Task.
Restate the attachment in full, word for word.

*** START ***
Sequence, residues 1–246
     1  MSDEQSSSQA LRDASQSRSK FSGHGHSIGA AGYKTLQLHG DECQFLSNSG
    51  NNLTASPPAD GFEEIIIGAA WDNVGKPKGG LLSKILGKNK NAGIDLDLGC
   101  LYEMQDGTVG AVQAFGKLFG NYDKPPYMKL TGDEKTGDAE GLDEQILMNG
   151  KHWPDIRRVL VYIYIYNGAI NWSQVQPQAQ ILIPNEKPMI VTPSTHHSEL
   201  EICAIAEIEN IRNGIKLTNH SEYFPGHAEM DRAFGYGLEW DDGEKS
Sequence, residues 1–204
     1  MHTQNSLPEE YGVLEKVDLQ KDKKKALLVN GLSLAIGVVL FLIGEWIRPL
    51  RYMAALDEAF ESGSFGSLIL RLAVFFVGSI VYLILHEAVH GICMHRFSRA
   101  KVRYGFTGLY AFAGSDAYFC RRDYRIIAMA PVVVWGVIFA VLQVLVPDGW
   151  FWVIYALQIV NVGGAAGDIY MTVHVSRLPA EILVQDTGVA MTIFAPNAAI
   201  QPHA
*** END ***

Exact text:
Sequence, residues 1–246
     1  MSDEQSSSQA LRDASQSRSK FSGHGHSIGA AGYKTLQLHG DECQFLSNSG
    51  NNLTASPPAD GFEEIIIGAA WDNVGKPKGG LLSKILGKNK NAGIDLDLGC
   101  LYEMQDGTVG AVQAFGKLFG NYDKPPYMKL TGDEKTGDAE GLDEQILMNG
   151  KHWPDIRRVL VYIYIYNGAI NWSQVQPQAQ ILIPNEKPMI VTPSTHHSEL
   201  EICAIAEIEN IRNGIKLTNH SEYFPGHAEM DRAFGYGLEW DDGEKS
Sequence, residues 1–204
     1  MHTQNSLPEE YGVLEKVDLQ KDKKKALLVN GLSLAIGVVL FLIGEWIRPL
    51  RYMAALDEAF ESGSFGSLIL RLAVFFVGSI VYLILHEAVH GICMHRFSRA
   101  KVRYGFTGLY AFAGSDAYFC RRDYRIIAMA PVVVWGVIFA VLQVLVPDGW
   151  FWVIYALQIV NVGGAAGDIY MTVHVSRLPA EILVQDTGVA MTIFAPNAAI
   201  QPHA